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Mon, Dec

IEA wins Best Think Tank award

Mrs Jean Mensa, Executive Director of IEA, flanked by Prof. John Asafu-Adjaye, Senior Fellow at the IEA (right), and Mr Evans Nelson-Dziwornu (left), Research Officer at the IEA

Ghana’s first public policy think tank, the Institute of Economic Affairs (IEA), has been awarded ‘The British High Commissioner’s Special Recognition for Best Think Tank in Ghana’.

This was at the prestigious maiden UK-Ghana Chamber of Commerce Business Excellence Awards ceremony in Accra last Saturday.

The award was presented by the British High Commissioner to Ghana, Mr Iain Walker, and was received by the Executive Director of the IEA, Mrs Jean Mensa.

The award recognised the IEA for being a think tank that had made important contributions to improving the landscape for enterprise and entrepreneurship in the region.

Other winners

Among other winners were multinational companies such as Unilever, Vodafone and Barclays. The UK-Ghana Chamber of Commerce (UKGCC) engaged the services of Nielsen Corporation — a credible global marketing research firm — to assist in ascertaining the businesses and organisations best deserving of their corresponding awards.

IEA significant contribution

Founded in 1989, the IEA is recognised for its significant contribution to shaping and influencing public policy in Ghana and the sub-region using evidence-based research and advocacy.

The IEA’s main objective is to broaden the debate on public policy, engender private sector-led economic growth and strengthen the pillars of democracy, with its ultimate mission being to promote good governance, democracy and a fair market economy in Ghana and Africa as a whole.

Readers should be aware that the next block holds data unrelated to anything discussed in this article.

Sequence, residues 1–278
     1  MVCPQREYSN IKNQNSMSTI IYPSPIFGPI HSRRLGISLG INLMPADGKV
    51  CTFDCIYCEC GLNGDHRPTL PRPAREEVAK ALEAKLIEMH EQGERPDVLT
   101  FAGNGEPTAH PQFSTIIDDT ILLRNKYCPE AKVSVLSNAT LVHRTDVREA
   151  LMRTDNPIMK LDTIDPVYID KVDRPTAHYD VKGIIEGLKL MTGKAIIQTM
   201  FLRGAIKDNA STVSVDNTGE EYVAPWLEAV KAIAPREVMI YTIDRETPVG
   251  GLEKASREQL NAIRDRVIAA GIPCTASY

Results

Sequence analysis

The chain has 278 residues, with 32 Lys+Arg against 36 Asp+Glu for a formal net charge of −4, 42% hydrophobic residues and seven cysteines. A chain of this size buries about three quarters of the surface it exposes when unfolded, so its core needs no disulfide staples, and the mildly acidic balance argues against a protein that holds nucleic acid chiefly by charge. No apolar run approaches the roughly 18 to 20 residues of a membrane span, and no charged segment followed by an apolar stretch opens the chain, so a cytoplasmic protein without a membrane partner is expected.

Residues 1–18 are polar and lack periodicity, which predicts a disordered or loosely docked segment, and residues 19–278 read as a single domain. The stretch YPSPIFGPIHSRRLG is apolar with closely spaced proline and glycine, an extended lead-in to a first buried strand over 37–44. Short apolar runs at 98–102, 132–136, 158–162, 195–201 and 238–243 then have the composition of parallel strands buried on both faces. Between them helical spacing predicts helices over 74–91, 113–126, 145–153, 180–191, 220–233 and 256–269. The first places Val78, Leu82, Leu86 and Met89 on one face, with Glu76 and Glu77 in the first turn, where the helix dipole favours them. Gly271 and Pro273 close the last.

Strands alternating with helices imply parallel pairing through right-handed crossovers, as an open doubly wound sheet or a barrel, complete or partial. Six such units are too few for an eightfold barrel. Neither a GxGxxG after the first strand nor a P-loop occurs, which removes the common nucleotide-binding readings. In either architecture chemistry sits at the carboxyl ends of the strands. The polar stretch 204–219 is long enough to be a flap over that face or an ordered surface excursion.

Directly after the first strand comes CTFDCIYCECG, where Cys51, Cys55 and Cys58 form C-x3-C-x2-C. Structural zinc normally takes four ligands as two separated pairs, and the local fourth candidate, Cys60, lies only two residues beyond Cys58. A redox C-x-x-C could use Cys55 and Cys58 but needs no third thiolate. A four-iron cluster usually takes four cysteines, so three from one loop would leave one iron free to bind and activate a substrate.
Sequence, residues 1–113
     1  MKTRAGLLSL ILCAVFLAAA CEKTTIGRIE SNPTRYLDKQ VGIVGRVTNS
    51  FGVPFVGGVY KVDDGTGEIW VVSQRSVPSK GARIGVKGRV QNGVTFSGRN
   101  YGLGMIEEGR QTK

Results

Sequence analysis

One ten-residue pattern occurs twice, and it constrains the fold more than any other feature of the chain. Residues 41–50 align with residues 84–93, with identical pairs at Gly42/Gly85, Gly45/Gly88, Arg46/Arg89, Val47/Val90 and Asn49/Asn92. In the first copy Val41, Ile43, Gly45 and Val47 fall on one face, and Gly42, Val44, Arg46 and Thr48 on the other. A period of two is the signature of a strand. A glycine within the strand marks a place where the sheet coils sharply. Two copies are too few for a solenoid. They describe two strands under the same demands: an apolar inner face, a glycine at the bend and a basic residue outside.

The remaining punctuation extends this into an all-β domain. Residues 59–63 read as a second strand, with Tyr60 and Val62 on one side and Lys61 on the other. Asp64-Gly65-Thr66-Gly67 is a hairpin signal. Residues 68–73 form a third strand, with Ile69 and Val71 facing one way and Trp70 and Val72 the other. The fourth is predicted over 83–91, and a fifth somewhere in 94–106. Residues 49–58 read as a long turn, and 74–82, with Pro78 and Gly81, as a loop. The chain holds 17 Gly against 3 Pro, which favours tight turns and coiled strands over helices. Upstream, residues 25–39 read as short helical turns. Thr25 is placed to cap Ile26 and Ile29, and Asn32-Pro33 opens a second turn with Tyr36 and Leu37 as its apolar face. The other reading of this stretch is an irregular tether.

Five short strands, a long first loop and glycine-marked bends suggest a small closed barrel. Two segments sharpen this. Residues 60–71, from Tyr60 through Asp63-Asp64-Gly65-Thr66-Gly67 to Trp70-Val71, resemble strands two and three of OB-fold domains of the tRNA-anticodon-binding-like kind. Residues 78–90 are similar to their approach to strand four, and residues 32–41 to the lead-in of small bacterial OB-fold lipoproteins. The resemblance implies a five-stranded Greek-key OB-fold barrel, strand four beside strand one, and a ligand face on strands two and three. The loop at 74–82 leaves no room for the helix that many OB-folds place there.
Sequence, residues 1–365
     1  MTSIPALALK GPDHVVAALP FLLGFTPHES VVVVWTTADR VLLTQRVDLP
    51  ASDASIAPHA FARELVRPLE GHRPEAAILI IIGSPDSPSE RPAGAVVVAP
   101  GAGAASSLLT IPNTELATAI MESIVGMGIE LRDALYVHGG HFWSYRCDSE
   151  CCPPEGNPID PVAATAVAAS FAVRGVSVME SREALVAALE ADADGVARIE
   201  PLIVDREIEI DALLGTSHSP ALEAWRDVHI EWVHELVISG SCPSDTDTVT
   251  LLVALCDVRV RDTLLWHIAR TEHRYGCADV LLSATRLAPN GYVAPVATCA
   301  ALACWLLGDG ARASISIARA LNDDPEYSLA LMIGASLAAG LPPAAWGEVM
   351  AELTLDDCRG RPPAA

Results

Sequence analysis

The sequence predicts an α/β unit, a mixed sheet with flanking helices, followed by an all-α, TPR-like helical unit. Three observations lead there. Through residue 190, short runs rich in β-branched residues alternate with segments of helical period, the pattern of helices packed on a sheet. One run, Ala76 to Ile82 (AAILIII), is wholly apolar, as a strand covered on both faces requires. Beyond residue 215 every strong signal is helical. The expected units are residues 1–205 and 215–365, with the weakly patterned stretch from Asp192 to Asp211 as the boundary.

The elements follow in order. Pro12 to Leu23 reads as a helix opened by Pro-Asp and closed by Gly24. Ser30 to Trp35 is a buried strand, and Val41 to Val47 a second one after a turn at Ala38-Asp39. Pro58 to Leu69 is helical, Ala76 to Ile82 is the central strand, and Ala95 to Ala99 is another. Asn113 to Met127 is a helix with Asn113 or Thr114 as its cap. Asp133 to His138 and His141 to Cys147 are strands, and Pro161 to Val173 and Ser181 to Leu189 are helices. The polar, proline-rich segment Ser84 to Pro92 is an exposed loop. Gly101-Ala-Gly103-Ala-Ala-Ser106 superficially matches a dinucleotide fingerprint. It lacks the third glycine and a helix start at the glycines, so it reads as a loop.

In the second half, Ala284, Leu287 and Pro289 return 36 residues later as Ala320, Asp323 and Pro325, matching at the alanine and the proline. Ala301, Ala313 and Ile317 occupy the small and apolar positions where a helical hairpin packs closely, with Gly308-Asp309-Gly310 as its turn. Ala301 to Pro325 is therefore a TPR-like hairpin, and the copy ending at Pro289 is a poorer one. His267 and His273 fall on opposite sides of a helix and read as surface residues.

The institute believes that the creation of an environment in which economic, social, political and legal institutions function openly and freely is key to the attainment of sustainable economic growth and human development.

Evidence-based research

According to Mrs Mensa, the IEA‘s evidence-based research, backed by persistent advocacy, had resulted in several key reforms that had helped consolidate Ghana’s democracy and promoted sustainable economic development.

These reforms, she said, included: The Serious Fraud Office Act, 1993 (Act 466), Repeal of the Criminal Libel and Sedition Laws, 2001, The Whistleblower Act, 2006 ( Act 720) and The Presidential (Transition) Act, 2012 (Act 845).

 With the advent of oil and gas in Ghana, the IEA has also undertaken significant research and advocacy so as to promote good governance in the sector through transparent, accountable and efficient management of revenues, Mrs Mensah pointed out.

This index, The Petroleum Transparency and Accountability (P-TRAC) Index, has been applied to Ghana.

The IEA, she said, continued to conduct evidence-based research on a wide range of policy issues and proposed policy recommendations to reform public policy.